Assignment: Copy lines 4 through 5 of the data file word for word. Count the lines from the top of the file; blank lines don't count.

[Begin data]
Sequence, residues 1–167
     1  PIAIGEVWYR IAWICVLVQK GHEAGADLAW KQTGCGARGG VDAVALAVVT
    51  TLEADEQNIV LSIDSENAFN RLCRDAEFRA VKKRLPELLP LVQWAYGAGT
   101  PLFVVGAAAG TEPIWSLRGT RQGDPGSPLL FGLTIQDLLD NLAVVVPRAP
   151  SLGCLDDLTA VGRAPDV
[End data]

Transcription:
   101  PLFVVGAAAG TEPIWSLRGT RQGDPGSPLL FGLTIQDLLD NLAVVVPRAP
   151  SLGCLDDLTA VGRAPDV